I hope you enjoyed yesterday's post on How I Became a Beauty Blogger. It's important to read that first, so you can get some background on today's post. The question I get asked every week is "How Did You Become a Makeup Artist and what advice can you give me for becoming one?". I often get this question from a lot of viewers and of course i'm happy to answer. I think it's about time that I finally make a detailed post on it.
It Started With A Blog
As you all know, my passion for makeup turned into a beauty blog. Having a blog really steps your game up to another level. You try to challenge yourself to do new makeup looks and techniques. As a youtube Guru and blogger, I do feel a little bit of responsibility to help others with makeup. Sometimes, I feel like I do the same kind of look and push myself to do something different and show my viewers new ways of doing things. I did a lot of research on the web, learning techniques from other beauty bloggers and watching countless youtube videos. To this day, I try to learn at least something new every day.
Doing Makeup On Others
After doing my blog for several months, I started to feel pretty comfortable doing my own makeup. My boyfriend told me, "Why don't you start doing this Professionally on other people?" When he told me that, I was like "What, I'm not ready!". I can definitely say that doing makeup on yourself is a lot different than doing makeup on others. However, he had ignited a spark. Now, my research turned to doing makeup on others.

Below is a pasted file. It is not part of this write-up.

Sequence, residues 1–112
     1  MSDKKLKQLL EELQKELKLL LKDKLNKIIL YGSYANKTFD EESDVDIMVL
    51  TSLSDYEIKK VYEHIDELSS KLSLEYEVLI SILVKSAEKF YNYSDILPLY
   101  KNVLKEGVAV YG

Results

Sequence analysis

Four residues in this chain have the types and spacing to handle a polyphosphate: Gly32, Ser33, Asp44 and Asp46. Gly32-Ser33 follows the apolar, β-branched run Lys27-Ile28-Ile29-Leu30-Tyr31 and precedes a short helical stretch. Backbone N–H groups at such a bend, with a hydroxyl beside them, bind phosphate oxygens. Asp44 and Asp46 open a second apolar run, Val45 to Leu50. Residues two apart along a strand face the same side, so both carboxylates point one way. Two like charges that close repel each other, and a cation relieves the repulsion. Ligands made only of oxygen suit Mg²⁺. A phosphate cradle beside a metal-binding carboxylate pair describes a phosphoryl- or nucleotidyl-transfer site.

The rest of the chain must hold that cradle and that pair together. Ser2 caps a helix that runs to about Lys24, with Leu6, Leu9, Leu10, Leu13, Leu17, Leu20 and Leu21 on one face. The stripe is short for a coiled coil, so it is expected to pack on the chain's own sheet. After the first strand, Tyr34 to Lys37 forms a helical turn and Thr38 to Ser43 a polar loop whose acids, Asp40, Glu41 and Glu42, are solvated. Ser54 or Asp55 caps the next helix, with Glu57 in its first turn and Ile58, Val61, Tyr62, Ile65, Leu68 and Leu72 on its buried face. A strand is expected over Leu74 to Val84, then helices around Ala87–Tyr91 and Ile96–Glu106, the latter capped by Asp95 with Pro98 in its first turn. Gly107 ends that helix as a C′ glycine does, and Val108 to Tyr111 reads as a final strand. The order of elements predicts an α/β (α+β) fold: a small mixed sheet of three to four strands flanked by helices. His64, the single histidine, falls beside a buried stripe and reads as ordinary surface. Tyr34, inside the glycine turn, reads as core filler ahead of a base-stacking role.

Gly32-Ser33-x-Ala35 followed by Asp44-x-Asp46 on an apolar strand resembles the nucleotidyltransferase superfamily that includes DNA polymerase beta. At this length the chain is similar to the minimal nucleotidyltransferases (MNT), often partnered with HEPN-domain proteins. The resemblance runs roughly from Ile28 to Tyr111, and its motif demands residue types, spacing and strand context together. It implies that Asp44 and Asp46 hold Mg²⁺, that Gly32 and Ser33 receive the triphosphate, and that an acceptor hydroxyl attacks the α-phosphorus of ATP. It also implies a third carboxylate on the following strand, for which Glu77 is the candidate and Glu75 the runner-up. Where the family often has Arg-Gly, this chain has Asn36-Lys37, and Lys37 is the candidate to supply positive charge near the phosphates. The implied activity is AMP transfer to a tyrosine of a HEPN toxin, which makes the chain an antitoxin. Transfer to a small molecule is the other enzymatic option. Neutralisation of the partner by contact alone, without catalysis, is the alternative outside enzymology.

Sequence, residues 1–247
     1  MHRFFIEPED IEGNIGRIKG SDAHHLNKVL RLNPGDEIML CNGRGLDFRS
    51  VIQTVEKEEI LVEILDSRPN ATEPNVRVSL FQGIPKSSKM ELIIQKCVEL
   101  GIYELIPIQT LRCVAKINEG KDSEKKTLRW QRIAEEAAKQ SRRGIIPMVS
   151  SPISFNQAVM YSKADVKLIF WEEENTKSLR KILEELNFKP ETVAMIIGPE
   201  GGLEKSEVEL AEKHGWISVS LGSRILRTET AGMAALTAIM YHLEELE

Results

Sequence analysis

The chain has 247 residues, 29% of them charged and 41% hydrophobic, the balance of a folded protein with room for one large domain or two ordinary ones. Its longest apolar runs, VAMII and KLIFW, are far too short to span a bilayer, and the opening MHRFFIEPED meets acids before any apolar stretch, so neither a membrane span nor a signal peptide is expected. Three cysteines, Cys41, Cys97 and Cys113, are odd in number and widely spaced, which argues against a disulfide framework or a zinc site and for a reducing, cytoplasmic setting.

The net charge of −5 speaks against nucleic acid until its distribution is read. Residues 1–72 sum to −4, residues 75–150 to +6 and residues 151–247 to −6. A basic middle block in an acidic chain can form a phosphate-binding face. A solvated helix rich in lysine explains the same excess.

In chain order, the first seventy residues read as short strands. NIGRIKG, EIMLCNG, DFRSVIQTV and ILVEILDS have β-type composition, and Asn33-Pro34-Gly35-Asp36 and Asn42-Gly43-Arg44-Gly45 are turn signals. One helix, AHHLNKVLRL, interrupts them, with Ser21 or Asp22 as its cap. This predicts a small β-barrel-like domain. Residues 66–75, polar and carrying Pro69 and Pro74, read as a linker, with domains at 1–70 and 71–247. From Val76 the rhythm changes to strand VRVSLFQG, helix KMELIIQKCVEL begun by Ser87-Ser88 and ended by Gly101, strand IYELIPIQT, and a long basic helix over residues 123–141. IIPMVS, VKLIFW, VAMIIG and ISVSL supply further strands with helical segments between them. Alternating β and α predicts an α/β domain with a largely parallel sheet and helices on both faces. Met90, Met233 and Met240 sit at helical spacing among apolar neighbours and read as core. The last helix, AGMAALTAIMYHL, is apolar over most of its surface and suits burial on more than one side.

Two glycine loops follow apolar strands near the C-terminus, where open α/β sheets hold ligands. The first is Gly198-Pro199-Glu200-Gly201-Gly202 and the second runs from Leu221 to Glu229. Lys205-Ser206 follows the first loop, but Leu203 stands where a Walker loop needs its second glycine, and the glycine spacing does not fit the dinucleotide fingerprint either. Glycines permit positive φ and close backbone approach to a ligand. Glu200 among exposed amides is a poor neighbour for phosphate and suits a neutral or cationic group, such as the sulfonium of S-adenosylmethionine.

I find that with the influx of beauty blogs and youtube pages, a lot of people try to go out there and become makeup artists without the proper preparation and practice. This is hard for the actual artists out there who have the professional products and expertise. Newbies often undercharge for their services making it hard for pros to get the rate they deserve. I always tell clients though, you get what you pay for. If a makeup artist asks you to bring your own foundation for instance...that's a problem. Makeup Artists should have a complete kit...but i'll get into that later.
A lot of people ask me "What Makeup School Did You Go To?" Well, I didn't...I'm completely self-taught. I'll admit, the internet has made it so much easier for aspiring makeup artists to learn tips and techniques not possible before. However, that doesn't mean that you can watch a few YouTube videos and run out there. I spent countless hours on the web, learning topics such as: applying mascara on others, how to build my kit, how to sanitize makeup, how to work with older skin...etc. I even had a huge book filled with notes, printouts and pictures which I referred to daily. My point is that Makeup School is a viable option for many, but not completely necessary. If you choose the route of learning yourself, you have to put in the same amount of time or more that you would spend learning at a makeup school.
Practice Makes Perfect